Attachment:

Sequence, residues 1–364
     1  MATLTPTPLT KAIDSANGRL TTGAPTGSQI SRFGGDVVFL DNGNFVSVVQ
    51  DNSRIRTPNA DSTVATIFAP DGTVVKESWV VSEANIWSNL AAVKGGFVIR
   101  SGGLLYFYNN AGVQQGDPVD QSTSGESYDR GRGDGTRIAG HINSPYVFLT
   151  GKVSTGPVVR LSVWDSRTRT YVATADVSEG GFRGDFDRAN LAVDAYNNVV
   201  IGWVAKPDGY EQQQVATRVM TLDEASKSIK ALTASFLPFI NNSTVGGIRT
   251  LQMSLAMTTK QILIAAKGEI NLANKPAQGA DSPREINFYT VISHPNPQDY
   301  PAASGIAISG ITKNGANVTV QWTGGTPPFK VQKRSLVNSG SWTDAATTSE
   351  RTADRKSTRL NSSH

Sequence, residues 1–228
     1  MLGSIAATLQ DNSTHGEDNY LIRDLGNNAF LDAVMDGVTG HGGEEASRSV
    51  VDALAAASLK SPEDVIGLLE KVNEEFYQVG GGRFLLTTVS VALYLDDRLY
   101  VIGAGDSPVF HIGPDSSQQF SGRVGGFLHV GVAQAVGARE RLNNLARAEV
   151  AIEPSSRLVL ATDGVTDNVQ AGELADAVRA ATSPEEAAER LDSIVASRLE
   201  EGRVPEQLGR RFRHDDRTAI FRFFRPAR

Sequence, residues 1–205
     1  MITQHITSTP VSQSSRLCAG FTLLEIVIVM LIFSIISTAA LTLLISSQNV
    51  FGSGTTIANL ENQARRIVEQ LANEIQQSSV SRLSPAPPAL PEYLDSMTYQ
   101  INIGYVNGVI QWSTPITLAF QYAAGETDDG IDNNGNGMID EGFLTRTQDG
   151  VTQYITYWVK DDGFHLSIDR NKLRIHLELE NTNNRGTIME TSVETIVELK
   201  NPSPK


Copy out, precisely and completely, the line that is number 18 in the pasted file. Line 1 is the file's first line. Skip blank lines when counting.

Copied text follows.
    51  FGSGTTIANL ENQARRIVEQ LANEIQQSSV SRLSPAPPAL PEYLDSMTYQ